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Commander of Navy Region Southwest Retires

Audio

Aired 8/10/09

The Commander of the Navy in San Diego, Admiral Len Hering, retires this week. Hering has been in charge of all naval operations in the Southwest for the past four years. He has a lot to say about the need for the military to promote sustainability and to become a better employer.

Rear Admiral Len Hering, outgoing commander of Navy Region Southwest.

Above: Rear Admiral Len Hering, outgoing commander of Navy Region Southwest.

The Commander of the Navy in San Diego, Admiral Len Hering, retires this week. Hering has been in charge of all naval operations in the Southwest for the past four years. He has a lot to say about the need for the military to promote sustainability and to become a better employer.

I asked him how much the fleet in San Diego Bay has expanded in the last four years.

HERING: We’ve seen a significant increase in the course of the last four years. The Ingleside Texas minesweeping capability has all moved here. We’ve seen two cruisers, there destroyers, three submarines, a number of commands. And over the course of the next couple of years, we’ll see a third aircraft carrier come to Coronado next year. We’ll see three new helicopter squadrons coming, the first thirteen of the Navy’s littoral combat ships home ported here in San Diego.

ASJ: The littoral ships, that’s these new smaller faster vessels?

HERING: They’re designed to operate throughout the vast oceans of the world, but they’re specifically designed to operate in the littoral areas when we have to maintain maritime dominance.

ASJ: You’ve said that in order to maintain a strong volunteer military, the U.S. Department of Defense has to become a better employer. What do you mean by that?

HERING: We have to recognize that the conscript mentality that we grew up in, that our parents grew up in, will not sustain an all-volunteer force, if we are not more respectful of those who chose to serve. They are not assets, ships and airplanes are assets, the personnel who employ them are not assets, they’re resources. They’re precious, they’re my son, they’re somebody’s father or mother.

ASJ :Can you give us some specific examples of the way the Navy has become a better employer in the last four years?

HERING: In the last four years? Sure, Pacific Beacon is one perfect example…we’ve modeled our housing for taking care of our single sailors. Take a look at the housing at N.T.C. If you drive through Murphy Canyon or Tierrasanta, or any of those other places, you know when I was base commanding officer, I apologized to the tenants of many of our housing areas because of the conditions they had to live in. I was embarrassed. Today none of those facilities exist, every one of them has been leveled and they’re all living in new houses. And it’s not a handout, they get money in their pay and they pay rent. But recognize that they move six or seven times in their career, we need to pay attention to their kids and their medical care and their schools. I have hundred and hundreds of sailors who live in Hemet and travel every day down that corridor because they can’t afford to live here.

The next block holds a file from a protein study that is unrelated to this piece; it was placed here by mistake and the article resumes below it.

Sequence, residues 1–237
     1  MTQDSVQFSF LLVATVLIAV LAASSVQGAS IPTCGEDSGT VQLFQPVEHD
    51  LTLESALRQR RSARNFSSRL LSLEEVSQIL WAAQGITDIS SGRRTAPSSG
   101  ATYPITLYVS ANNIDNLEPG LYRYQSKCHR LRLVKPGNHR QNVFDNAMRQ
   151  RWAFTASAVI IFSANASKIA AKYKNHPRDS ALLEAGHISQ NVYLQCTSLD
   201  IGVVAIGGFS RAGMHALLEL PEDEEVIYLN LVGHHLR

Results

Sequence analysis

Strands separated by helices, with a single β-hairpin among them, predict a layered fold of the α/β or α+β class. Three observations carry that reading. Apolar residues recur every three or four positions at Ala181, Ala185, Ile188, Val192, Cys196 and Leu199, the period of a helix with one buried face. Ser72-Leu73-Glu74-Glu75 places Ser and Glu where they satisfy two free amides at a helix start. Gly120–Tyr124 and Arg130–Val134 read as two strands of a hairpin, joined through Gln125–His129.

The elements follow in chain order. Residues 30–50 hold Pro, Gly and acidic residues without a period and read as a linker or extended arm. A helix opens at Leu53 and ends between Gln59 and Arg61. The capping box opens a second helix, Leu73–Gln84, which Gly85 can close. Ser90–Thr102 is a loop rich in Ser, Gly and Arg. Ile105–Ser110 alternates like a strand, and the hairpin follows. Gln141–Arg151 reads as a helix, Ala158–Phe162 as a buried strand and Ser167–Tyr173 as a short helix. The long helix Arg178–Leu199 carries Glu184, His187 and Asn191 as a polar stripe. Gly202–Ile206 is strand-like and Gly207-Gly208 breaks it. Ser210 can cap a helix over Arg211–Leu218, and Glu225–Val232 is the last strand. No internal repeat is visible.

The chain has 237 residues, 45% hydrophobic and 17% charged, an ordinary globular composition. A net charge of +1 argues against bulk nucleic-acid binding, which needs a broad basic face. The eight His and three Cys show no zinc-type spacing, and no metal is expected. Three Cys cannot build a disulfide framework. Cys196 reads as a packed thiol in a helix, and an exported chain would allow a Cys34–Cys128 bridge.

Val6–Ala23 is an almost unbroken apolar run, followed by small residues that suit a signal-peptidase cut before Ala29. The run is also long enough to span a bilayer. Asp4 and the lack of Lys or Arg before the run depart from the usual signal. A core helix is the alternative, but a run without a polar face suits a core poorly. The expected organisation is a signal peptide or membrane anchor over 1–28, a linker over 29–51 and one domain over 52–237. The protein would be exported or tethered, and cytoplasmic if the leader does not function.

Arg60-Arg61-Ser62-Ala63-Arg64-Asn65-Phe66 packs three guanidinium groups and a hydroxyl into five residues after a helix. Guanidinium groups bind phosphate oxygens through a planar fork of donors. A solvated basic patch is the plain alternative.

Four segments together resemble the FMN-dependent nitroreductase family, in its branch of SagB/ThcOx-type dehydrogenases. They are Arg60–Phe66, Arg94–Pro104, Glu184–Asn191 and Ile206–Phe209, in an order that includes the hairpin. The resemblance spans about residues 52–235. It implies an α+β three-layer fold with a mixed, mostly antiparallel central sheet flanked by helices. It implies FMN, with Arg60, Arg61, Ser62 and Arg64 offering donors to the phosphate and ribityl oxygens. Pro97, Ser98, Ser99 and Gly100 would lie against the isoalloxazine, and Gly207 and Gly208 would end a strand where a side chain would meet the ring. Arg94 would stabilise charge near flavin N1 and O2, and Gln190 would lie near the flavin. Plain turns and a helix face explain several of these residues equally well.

ASJ: Pacific Beacon was a public-private contract and I believe that you are in the fore front of the Navy doing public private contracts here in San Diego, and that was successful one. But on the other hand, the Navy Broadway Complex, the Pacific Gateway, the building we are sitting in right now, has moved a lot more slowly than if you were going to had built your new headquarters on 32nd Street.

HERING: We don’t have any room. I just told you, we’re expanding. Naval Base S.D. is one of the largest facilities in our inventory and yet it occupies the smallest footprint.

ASJ: Let’s move to a subject that is very close to your heart, which is sustainability. I understand the Navy has actually cut its power usage significantly while you’ve been here.

HERING: I created a sustainability strategic plan two years ago. So today we run the largest photovoltaic collector at North Island with programs to go from 1.5 megawatts to potentially 40 to 50 megawatts. We’ve embraced an opportunity with UCSD and SDSU to look at potentials for conversion technology, taking waste and creating energy. We use three-fifths of the biodiesels product in California, we run the largest geothermal plant, in China Lake. We have installed over the last couple of years, three wind turbines on San Clemente Island. And potentially, my expectation by my strategic goals is, by 2050, we are able to produce through renewable resources, 80 percent of our peak demand.

Alison St John: That’s Admiral Len Hering, Commander of the Navy’s Southwest region. He hands over the command to Admiral William French later this week.

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